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Simply the Best: Stars galore in greatest team of past 30 years

Craig Bellamy has beaten Wayne Bennett to claim the Simply the Best coaching honour and after more than 850,000 votes the team of the last 30 years is complete.

The experienced Storm coach edged out Bennett - who was won premierships at both the Broncos and Dragons as well as coaching the Maroons, Australia, New Zealand, Great Britain and England - to wrap up the Simply the Best campaign.

After voting for their favourite player in each position over the last nine weeks, the best team of the last 30 years has been finalised.

A great mix of former greats and current players fill put a team that would prove very difficult to beat.

NRL.com launched the search for the Simply The Best players from 1990 to now to commemorate the 30th anniversary of the iconic Tina Turner promotional campaign, which was again featured in this year's advertisement for the Telstra Premiership.

The NRL.com newsroom initially narrowed the race to be the best coach to a shortlist of 10.

Simply The Best coach nominees

(in alphabetical order)

Craig Bellamy

Bellamy has built a dynasty at the Melbourne Storm, and in terms of winning percentages is arguably the most successful coach of all time – his 68.6% win rate is the greatest of any coach with more than 30 matches to his name (he has 452), edging out the legendary Dragons, Eels and Sharks coach Norm Provan.

Craig Bellamy has built a dynasty at Melbourne.
Craig Bellamy has built a dynasty at Melbourne. ©Gregg Porteous/NRL Photos

His club was stripped of two premierships for salary cap breaches but went on to play in four more grand finals – winning two – and has won four minor premierships including three of the past four.

Along the way the Storm lost iconic players Greg Inglis, Cooper Cronk and Billy Slater and yet continued to be among the league's powerhouse clubs. At a club that rarely buys established stars Bellamy has helped turn promising youngsters into Hall of Famers and journeymen into representative players, and earned himself five Dally M Coach of the Year awards.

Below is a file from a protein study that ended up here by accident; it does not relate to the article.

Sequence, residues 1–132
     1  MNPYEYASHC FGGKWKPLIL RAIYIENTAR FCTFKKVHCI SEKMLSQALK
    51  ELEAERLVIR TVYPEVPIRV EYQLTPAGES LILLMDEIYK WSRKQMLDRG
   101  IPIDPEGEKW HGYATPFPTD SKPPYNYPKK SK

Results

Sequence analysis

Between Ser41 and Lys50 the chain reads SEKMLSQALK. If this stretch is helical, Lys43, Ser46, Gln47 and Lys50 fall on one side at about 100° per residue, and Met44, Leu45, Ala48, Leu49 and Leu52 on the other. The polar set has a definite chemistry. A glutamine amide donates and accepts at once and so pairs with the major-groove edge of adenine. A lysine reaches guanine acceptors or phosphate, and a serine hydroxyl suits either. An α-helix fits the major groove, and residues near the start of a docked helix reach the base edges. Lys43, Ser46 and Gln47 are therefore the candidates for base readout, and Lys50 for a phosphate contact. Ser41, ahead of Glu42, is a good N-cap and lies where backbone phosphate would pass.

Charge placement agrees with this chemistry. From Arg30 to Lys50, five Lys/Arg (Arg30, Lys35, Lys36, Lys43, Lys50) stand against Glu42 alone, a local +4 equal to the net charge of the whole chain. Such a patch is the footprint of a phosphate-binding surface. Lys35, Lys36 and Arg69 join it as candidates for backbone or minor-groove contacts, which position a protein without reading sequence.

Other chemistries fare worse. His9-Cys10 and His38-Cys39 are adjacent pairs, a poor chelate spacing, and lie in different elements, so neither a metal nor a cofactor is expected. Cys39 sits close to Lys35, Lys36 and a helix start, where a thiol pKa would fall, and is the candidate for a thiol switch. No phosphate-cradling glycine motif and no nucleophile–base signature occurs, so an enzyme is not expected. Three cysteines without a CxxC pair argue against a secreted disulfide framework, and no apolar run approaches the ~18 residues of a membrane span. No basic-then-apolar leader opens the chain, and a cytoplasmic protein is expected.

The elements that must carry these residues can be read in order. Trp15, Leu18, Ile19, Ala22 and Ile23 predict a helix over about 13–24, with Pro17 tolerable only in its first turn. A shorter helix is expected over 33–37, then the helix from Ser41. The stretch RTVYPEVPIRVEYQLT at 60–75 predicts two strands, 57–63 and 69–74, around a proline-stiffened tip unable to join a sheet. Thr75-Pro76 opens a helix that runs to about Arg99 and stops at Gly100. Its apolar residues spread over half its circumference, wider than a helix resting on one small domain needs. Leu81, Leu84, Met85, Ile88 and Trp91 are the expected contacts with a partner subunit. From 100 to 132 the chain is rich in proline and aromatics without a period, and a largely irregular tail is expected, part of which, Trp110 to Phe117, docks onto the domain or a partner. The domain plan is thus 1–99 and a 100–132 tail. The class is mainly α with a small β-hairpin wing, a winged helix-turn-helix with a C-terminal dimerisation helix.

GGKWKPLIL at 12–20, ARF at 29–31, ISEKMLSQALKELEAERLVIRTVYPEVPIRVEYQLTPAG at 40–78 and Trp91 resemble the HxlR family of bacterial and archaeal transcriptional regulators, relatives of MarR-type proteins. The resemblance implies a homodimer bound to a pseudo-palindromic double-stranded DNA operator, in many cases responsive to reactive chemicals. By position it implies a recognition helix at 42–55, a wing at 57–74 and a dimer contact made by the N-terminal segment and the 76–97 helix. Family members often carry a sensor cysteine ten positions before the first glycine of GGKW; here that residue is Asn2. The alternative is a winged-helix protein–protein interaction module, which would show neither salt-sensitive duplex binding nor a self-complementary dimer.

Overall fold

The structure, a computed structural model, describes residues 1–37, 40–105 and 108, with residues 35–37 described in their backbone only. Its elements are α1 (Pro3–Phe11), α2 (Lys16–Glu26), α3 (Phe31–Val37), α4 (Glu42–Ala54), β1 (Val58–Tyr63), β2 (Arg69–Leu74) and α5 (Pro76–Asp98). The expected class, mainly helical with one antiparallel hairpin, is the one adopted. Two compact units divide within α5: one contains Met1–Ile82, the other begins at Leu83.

Wayne Bennett

The longest-serving mentor in the NRL and the only one with more than 500 wins as coach to his name, Bennett won six premierships with the Brisbane Broncos during the 1990s and 2000s and a seventh at the St George Illawarra Dragons in 2010.

Wayne Bennett with Gorden Tallis after the 1998 grand final.
Wayne Bennett with Gorden Tallis after the 1998 grand final. ©NRL Photos

Renowned as the best motivator and man manager in rugby league, he's also coached Newcastle, South Sydney, Queensland, Australia, England and Great Britain, and was assistant coach with New Zealand in their stunning 2008 World Cup win. To many, he's the best of the best.

Michael Hagan

Hagan became the first former Newcastle Knight to coach the club in 2001 and had immediate success, winning the premiership in his first season as coach despite the departure of key players such as Matthew Johns the previous year.

Newcastle club comrades Michael Hagan and Andrew Johns were on opposite sides of the state divide in 2005.
Newcastle club comrades Michael Hagan and Andrew Johns were on opposite sides of the state divide in 2005. ©NRL Photos

Hagan enjoyed winning records as coach of the Knights and then Parramatta, also coaching Queensland at State of Origin level in 2004 and 2005. He's more recently been a key part of the brains trust behind two superstar rep teams, as Mal Meninga's assistant with the Maroons during their record-breaking reign of Origin dominance and then a similar role with the Kangaroos.

Des Hasler

After a quiet period for the once powerful Manly club in the early 2000s, Hasler took the reins and made them a premiership force again – taking them to seven straight finals series and winning two premierships.

Manly coach Des Hasler.